Yes, but that’s not an overage fee, please learn the difference before going off on a rant.

    Overage fees kicks in when you go over the limit without any hard lock-out. In other words, if you’re still using data after you used up the 2GB limit.

    It is not an overage fee when you hit the limit and cannot do anything more. In other words, you hit 2GB, you cannot use anymore.

    The latter is the right way to approach this in the industry, the former is just a greedy practice intended to get money.

  5. I find it curious that T-Mobile, the “Uncarrier”, decided to fire a shot across AT&T’s bow when AT&T’s prepay no-contract service AIO Wireless offers a 500MB plan with NO cutoff for $40, instead falling back to “up to 2G speeds” (whatever that means) for the remainder of the 30-day period and allowing the customer to buy a 1GB up-to-30-day “block” for $10. http://www.aiowireless.com/shop/plans.html

    So T-Mobile is already getting outmaneuvered by AT&T.

    And the Simple Choice plan just doesn’t make much financial sense, doing the math; the $5/$10 data blocks are just ridiculously priced considering customers can simply go up to the $50 plan which then supports “unlimited” throttled data beyond 1GB. I don’t think someone was thinking clearly when devising this plan. A misstep on T-mobile’s part, IMHO…unfortunate.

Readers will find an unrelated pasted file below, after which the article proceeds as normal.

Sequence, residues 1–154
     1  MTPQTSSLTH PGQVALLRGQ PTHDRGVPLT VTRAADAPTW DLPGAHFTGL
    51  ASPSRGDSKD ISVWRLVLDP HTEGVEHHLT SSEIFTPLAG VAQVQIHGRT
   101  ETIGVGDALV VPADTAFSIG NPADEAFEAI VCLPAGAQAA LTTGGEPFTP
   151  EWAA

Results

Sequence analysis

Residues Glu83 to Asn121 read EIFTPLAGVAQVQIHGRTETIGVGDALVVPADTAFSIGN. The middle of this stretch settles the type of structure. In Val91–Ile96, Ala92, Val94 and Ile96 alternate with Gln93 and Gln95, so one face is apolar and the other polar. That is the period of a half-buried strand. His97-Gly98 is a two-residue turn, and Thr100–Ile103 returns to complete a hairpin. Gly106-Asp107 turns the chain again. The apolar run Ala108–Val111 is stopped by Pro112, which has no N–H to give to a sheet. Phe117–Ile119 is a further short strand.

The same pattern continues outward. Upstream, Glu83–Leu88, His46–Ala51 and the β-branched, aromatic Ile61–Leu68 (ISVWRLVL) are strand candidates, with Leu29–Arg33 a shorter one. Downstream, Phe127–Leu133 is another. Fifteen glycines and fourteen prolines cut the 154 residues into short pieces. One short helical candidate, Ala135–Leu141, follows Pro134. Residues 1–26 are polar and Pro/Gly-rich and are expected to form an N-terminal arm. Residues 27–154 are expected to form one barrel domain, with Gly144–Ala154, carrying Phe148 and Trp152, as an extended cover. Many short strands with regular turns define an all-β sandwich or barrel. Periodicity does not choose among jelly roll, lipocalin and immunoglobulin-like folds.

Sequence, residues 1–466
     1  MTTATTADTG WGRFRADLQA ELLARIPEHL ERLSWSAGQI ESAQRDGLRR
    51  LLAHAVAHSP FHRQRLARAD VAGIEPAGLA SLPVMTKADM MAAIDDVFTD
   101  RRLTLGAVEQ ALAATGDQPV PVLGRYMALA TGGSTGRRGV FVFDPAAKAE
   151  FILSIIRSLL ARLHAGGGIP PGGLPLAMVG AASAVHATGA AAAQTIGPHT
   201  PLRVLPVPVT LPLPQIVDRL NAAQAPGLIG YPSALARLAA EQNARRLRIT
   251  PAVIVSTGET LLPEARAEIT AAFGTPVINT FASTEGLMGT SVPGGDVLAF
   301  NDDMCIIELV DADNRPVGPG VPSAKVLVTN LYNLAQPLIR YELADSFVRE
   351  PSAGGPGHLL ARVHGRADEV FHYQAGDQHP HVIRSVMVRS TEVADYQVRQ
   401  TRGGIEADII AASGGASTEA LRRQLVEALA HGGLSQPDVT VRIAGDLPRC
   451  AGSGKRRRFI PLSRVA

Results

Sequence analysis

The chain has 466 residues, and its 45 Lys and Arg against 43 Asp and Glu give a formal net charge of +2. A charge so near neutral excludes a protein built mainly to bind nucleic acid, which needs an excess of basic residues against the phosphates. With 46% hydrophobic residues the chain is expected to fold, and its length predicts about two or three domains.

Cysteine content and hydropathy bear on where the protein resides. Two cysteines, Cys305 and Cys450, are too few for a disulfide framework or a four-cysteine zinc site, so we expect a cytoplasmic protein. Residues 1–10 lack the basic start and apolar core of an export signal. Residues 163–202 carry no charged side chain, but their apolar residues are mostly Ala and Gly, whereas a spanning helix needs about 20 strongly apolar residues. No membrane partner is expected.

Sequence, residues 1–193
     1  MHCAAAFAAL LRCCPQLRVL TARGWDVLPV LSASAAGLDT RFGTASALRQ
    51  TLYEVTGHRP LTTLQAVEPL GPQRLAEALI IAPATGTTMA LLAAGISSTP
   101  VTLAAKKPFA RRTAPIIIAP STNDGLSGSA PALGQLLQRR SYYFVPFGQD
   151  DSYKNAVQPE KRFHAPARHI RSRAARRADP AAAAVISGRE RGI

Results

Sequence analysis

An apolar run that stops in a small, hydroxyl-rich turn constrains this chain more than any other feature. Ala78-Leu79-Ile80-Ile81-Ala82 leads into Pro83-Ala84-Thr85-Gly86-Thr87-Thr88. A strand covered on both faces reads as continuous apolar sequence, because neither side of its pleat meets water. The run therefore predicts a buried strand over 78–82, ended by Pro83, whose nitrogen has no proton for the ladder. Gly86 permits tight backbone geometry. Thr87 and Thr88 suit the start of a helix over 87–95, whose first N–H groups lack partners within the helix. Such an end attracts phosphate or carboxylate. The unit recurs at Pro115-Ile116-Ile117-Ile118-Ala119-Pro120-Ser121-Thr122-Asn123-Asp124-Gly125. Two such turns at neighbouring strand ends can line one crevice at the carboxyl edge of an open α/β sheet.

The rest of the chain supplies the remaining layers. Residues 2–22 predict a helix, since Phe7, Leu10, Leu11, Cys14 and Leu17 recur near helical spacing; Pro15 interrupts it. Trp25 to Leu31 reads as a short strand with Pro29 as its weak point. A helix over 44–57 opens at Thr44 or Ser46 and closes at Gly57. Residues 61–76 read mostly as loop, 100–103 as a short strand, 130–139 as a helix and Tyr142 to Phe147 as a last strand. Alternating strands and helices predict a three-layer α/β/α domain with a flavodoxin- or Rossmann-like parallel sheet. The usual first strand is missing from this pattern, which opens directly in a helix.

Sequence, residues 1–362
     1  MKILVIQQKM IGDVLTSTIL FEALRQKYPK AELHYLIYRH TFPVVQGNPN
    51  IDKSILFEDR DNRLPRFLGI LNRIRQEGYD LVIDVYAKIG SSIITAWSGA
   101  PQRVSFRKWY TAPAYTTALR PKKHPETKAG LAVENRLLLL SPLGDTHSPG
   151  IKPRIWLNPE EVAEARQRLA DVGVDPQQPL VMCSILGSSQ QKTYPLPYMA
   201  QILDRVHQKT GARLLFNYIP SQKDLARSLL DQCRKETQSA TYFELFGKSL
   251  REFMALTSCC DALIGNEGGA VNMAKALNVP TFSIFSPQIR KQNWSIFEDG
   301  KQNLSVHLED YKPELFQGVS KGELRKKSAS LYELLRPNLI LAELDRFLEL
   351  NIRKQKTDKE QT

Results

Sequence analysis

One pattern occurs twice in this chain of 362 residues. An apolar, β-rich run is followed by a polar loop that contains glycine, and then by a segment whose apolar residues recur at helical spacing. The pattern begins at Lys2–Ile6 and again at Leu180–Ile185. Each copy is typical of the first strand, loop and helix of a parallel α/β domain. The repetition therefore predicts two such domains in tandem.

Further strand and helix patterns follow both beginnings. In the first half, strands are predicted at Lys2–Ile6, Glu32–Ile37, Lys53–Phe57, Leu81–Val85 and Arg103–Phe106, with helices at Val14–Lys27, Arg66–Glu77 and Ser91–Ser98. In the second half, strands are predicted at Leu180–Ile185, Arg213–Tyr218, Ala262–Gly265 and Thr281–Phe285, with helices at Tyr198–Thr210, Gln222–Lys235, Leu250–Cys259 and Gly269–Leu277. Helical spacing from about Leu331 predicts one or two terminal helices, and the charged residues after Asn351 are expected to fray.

• mikhailt says:

      Not a misstep, just smart marketing on T-Mobile. They’re not any less shady than the big three carriers.

      They still need to make money off this and one of the best ways is to have more people. So, by bashing on the big three carriers, T-Mobile can pick up more folks, even though the savings are not that big of a deal for many people.

  6. If I read this correctly, it says that Tmobiles currently charging the 5 dollars a day, 10 a week as of now. It’s going to change in a few months when they end the over charges. So how will they end the over charges? They stop your service until the next pay period. They do it now with there Hotspot data. Once you go over, you have to wait to use it again or update your plan. There’s even a button to press on the hotspot limit message that takes you straight to a page where you can update.

  7. fredhstein says:

    Slightly off topic, but dang. Apple gets hauled into court for eBook and for kids in-App purchases. (Re in-App, Apple had already started their own aggressive reimbursement program). Both cases combined (one time events) were less than 1/2 the $1B mentioned above.

    But real whammy is that the penalties are there to up-sell the higher cap plans. This incremental cost likely exceeds the $1B annually in penalties. (Just my guess)

  8. RK Soni says:

    AT&T, Verizon and Sprint customer are victims of overage charges, If all carriers agrees to T-Mo’s appeal, AT&T customer will be more beneficial………………………telecomvibe(dot)com

  9. RK Soni says:

    Overages of two major carriers are very high, If all carriers agrees to T-Mo’s appeal, AT&T customer will be more beneficial………………………www.telecomvibe.com